Sept 30, 2004 -- Merck & Co announced today that it was pulling its popular arthritis and pain drug Vioxx (rofecoxib) from the worldwide market after a clinical trial showed that the drug carried an increased risk for heart attacks and strokes.
The increased cardiovascular risk was discovered during a trial to evaluate the effect of Vioxx in preventing recurrence of colorectal polyps. After 18 months of treatment, the patients taking Vioxx were found to be at greater risk for heart attack and stroke compared with those taking a placebo. The trial is being stopped.
Vioxx is a COX-2 selective nonsteroidal antiinflammatory drug (NSAID). Other COX-2 selective NSAIDs on the market at this time are Celebrex (celecoxib) and Bextra (valdecoxib) NOTE: April 7, 2005, Pfizer agreed to suspend sales and marketing of Bextra in the U.S., pending further discussions with the with the FDA. For more information, please read the FDA press release. . Vioxx is also related to the nonselective NSAIDs, such as ibuprofen and naproxen.
Comment: The FDA today stated: "The risk that an individual patient will suffer a heart attack or stroke related to Vioxx is very small. We encourage people taking Vioxx to contact their physician to discuss discontinuing use of Vioxx and alternative treatments. Any decision about which drug product to take to treat your symptoms should be made in consultation with your physician based on an assessment of your specific treatment needs."
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The Food and Drug Administration (FDA) today acknowledged the voluntary withdrawal from the market of Vioxx (chemical name rofecoxib), a nonsteroidal antiinflammatory drug (NSAID) manufactured by Merck & Co. FDA today also issued a Public Health Advisory to inform patients of this action and to advise them to consult with a physician about alternative medications.
Merck is withdrawing Vioxx from the market after the data safety monitoring board overseeing a long-term study of the drug recommended that the study be halted because of an increased risk of serious cardiovascular events, including heart attacks and strokes, among study patients taking Vioxx compared to patients receiving placebo. The study was being done in patients at risk of developing recurrent colon polyps.
"Merck did the right thing by promptly reporting these findings to FDA and voluntarily withdrawing the product from the market," said Acting FDA Commissioner Dr. Lester M. Crawford. "Although the risk that an individual patient would have a heart attack or stroke related to Vioxx is very small, the study that was halted suggests that, overall, patients taking the drug chronically face twice the risk of a heart attack compared to patients receiving a placebo."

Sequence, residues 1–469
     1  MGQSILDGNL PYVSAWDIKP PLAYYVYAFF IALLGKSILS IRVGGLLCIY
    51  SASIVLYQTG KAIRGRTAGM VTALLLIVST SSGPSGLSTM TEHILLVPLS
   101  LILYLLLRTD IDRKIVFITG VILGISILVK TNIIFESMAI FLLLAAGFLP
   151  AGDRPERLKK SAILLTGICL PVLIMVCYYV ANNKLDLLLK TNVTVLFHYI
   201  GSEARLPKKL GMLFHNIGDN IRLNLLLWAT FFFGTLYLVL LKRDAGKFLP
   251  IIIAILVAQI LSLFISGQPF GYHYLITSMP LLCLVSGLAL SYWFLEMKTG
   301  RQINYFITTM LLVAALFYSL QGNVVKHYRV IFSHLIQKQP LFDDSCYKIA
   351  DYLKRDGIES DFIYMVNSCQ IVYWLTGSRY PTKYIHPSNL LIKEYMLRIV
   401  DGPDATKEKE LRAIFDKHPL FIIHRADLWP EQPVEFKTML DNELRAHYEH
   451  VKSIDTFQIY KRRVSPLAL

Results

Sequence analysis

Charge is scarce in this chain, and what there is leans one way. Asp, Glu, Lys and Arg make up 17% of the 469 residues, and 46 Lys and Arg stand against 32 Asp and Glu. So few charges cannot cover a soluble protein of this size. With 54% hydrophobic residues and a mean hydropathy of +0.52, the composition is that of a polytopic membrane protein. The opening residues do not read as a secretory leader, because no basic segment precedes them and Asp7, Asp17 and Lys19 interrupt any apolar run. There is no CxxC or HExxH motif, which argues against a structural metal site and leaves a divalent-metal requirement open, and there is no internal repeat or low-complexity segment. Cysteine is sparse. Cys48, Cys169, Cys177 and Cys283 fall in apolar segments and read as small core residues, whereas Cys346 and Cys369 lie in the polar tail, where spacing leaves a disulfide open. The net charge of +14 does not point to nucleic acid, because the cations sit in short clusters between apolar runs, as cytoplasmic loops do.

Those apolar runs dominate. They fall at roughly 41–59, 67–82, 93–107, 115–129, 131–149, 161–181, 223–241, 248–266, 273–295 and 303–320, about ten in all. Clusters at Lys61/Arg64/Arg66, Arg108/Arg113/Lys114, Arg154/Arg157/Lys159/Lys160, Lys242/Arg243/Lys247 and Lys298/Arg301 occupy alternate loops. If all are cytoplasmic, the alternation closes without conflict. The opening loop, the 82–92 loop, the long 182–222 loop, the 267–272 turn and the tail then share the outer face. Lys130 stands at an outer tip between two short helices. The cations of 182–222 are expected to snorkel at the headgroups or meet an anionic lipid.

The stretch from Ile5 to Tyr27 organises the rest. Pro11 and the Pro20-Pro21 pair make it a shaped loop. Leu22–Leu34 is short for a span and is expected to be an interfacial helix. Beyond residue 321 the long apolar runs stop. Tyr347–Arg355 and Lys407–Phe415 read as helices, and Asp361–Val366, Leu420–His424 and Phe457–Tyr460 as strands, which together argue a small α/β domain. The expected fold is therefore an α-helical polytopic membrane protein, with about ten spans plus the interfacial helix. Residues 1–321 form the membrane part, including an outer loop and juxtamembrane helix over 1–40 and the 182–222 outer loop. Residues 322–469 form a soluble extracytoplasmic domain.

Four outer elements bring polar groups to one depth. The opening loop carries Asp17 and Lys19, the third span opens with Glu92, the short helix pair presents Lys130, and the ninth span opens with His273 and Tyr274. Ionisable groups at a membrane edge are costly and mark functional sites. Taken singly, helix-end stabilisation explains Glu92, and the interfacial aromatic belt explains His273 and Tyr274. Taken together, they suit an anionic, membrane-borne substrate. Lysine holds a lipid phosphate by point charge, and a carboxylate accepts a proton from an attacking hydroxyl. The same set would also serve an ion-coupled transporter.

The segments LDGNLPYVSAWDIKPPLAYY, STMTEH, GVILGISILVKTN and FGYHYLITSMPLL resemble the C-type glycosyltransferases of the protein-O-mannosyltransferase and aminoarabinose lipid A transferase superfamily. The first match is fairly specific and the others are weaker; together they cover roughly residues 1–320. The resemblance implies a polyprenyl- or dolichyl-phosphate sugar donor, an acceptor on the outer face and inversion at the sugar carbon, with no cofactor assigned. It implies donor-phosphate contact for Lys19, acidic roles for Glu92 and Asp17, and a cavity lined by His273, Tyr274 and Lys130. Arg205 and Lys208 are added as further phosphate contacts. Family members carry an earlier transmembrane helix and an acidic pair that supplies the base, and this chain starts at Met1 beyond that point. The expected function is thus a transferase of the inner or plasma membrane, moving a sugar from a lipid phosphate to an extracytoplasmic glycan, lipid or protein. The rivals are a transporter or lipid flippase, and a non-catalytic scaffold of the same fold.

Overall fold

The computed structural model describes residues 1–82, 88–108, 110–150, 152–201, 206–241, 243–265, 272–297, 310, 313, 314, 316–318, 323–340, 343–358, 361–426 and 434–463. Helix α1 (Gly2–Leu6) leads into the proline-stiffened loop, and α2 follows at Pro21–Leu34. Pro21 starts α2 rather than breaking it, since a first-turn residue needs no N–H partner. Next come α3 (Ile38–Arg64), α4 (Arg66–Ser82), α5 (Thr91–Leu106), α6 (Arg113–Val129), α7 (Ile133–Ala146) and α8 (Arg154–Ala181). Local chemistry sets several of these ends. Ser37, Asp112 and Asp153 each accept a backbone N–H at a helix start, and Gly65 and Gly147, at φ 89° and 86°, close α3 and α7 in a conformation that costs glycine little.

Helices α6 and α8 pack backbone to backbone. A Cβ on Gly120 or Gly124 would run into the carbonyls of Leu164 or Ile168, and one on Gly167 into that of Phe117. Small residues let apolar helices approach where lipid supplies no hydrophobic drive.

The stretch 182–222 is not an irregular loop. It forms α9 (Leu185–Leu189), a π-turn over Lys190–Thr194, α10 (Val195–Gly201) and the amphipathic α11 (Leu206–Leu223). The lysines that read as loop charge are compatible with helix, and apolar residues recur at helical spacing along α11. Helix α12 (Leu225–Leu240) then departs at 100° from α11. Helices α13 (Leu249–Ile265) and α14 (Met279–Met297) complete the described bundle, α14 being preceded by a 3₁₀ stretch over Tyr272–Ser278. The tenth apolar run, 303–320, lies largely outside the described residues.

Dr. Crawford added that FDA will closely monitor other drugs in this class for similar side effects. "All of the NSAID drugs have risks when taken chronically, especially of gastrointestinal bleeding, but also liver and kidney toxicity. They should only be used continuously under the supervision of a physician."
FDA approved Vioxx in 1999 for the reduction of pain and inflammation caused by osteoarthritis, as well as for acute pain in adults and for the treatment of menstrual pain. It was the second of a new kind of NSAID (Cox-2 selective) approved by FDA. Subsequently, FDA approved Vioxx to treat the signs and symptoms of rheumatoid arthritis in adults and children.
At the time that Vioxx and other Cox-2 selective NSAIDs were approved, it was hoped that they would have a lower risk of gastrointestinal ulcers and bleeding than other NSAIDs (such as ibuprofen and naproxen). Vioxx is the only NSAID demonstrated to have a lower rate of these side effects.
Merck contacted FDA on September 27, 2004, to request a meeting and to advise the agency that the long-term study of Vioxx in patients at increased risk of colon polyps had been halted. Merck and FDA officials met the next day, September 28, and during that meeting the company informed FDA of its decision to remove Vioxx from the market voluntarily.
In June 2000, Merck submitted to FDA a safety study called VIGOR (Vioxx Gastrointestinal Outcomes Research) that found an increased risk of serious cardiovascular events, including heart attacks and strokes, in patients taking Vioxx compared to patients taking naproxen. After reviewing the results of the VIGOR study and other available data from controlled clinical trials, FDA consulted with its Arthritis Advisory Committee in February 2001 regarding the clinical interpretation of this new safety information. In April 2002, FDA implemented labeling changes to reflect the findings from the VIGOR study. The labeling changes included information about the increase in risk of cardiovascular events, including heart attack and stroke.
Recently other studies in patients taking Vioxx have also suggested an increased risk of cardiovascular events. FDA was in the process of carefully reviewing these results, to determine whether further labeling changes were warranted, when Merck informed the agency of the results of the new trial and its decision to withdraw Vioxx from the market.